2. Jeannie Brandt-Lietzau

    Read Jonathan Coe’s “The Rain Before It Falls” Liked it very much, enough to order “The House of Sleep” which I haven’t read yet. Did not know that there was newer novel. Since I am familiar with The Rain Before It Falls and I was very impressed I can safely recommend the book. Unlike this book the protagonist is a woman…..you may want to consider that when making your choice.

  3. Jonathan Coe’s The House of Sleep is one of my Top 10. I love that book. I read The Rain Before it Falls but that left me completely unfazed. Not sure where to position this one.

  4. I have this on hand but haven’t read it yet. Just to lengthen your possibilities list, my favorite Coe’s are The Rotter’s Club and The Closed Circle (the latter picks up characters from the former a decade or so on). Both are social observation/satires of the Britain of the time (which this latest novel also seems to touch on), although I also came to very much appreciate the cast of characters. With the exception of The Rain Before It Falls (where I think Coe got tansfixed with a narrative gimmick that fell flat) I’ve liked all the Coe novels that I’ve read.

    • I’ll be interested to see what you make of this one, Kevin (the ending especially). I enjoyed the book enough to know I want to read more, so thanks for the suggestions.

  5. leroyhunter

    I’ve thought that I’d like The Rotter’s Club and sequel, but never really felt much urge to get them. I saw some of the TV adaptation of Rotter’s Club a few years ago.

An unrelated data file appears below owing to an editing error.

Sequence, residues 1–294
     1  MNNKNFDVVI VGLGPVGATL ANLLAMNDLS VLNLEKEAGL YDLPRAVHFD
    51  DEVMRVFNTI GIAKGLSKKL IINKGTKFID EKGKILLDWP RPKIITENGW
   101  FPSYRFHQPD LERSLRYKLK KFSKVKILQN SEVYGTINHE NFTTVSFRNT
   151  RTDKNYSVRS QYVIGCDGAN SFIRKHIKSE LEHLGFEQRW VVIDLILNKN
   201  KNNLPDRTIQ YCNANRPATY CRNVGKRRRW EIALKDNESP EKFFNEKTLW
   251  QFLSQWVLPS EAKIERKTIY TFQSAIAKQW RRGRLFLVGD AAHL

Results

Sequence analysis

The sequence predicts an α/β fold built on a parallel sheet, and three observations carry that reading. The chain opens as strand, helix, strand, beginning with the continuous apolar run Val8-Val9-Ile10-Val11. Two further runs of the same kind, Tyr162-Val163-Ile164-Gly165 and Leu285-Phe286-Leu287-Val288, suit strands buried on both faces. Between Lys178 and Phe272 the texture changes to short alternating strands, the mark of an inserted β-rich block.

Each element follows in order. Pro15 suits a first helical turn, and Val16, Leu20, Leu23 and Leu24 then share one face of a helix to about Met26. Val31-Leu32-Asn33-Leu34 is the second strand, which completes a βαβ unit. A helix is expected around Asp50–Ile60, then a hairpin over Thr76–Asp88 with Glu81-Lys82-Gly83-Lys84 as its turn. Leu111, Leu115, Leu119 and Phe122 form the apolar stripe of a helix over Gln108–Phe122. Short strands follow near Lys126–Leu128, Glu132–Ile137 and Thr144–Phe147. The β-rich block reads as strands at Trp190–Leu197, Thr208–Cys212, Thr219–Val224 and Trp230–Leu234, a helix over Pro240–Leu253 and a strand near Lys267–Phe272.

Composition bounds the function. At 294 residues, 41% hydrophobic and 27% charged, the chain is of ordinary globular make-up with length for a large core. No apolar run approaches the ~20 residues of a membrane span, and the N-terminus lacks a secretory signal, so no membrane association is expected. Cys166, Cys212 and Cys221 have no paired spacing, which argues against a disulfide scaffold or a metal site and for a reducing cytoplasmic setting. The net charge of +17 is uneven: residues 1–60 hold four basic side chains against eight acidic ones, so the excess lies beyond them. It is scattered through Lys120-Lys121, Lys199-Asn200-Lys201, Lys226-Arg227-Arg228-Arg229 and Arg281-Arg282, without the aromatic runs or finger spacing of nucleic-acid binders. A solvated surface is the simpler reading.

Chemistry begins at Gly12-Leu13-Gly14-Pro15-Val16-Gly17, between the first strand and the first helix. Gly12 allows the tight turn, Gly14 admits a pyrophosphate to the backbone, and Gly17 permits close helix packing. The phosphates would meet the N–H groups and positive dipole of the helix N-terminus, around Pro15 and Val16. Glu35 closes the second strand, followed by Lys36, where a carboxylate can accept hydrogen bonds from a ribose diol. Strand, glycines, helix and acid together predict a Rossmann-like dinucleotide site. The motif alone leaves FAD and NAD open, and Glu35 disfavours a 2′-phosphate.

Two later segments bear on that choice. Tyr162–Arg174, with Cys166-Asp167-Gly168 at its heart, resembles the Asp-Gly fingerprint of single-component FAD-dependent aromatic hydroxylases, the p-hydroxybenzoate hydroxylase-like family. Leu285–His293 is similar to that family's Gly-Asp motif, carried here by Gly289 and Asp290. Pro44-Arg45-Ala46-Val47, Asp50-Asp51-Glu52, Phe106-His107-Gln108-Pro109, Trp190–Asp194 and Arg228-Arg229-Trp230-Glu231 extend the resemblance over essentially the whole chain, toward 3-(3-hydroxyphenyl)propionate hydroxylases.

I was thinking “The Rain Before It Falls: isn’t that about the Hitler bomb plot? I didn’t know Coe wrote that.” Mixing it up with The Song Before It Is Sung.

    • Leroy: I looked at a plot summary and it says The Rain Before it Falls spans from 1930-1980. No mention of a Hitler bomb plot, so I’m hoping it’s not in the book.

  6. Jeannie Brandt-Lietzau

    Suppose I should say that “The Rain Before It Falls” was the first Coe novel that I read. Had no comparables. The book made my top ten of the year when I read it……now I am looking forward to reading some more of them……it sounds like they will even be better :>))

    • Jeannie: I can say that The Terrible Privacy of Maxwell Sim hit me at the right moment. You know how it is–sometimes you are in the mood for a certain book and then you find it.

  7. Jeannie Brandt-Lietzau

    Guy,
    Often our current “life” situation affects how we feel about a particular book. I’ve put books aside cause I could not get into them, picked them up at a later date and wondered what it was that put me off in the first place. OR, I’ve reread a book and wondered what I liked about it.
    There are however, a few authors who never seem to disappoint. Haven’t read enough of Coe to put him into that catagory.

  8. Pingback: You know what I love about aeroplanes? They are the last place left to us where we can be totally inaccessible. « Bookaroundthecorner's Blog

  9. I’m a big fan of Coe and have read all his novels. This one has the usual mix of satire and social criticism, but I agree the ending is a big disappointment. I’ve reviewed it on my blog and it’s attracted a lot of hits, so Coe clearly has a strong fan base. The scene on the flight from Sydney to Singapore where he rattles on unawares to his neighbour and the craziness of the Scottish trip late in the book are highlights for me.

  10. I have several of Coe’s books on the shelf–another writer I’ve been meaning to get back to but haven’t for no good reason. This book gels well in my memory–well most of it except the ending, but all in all a delightful read full of many uncomfortable truths. Thanks for the comment.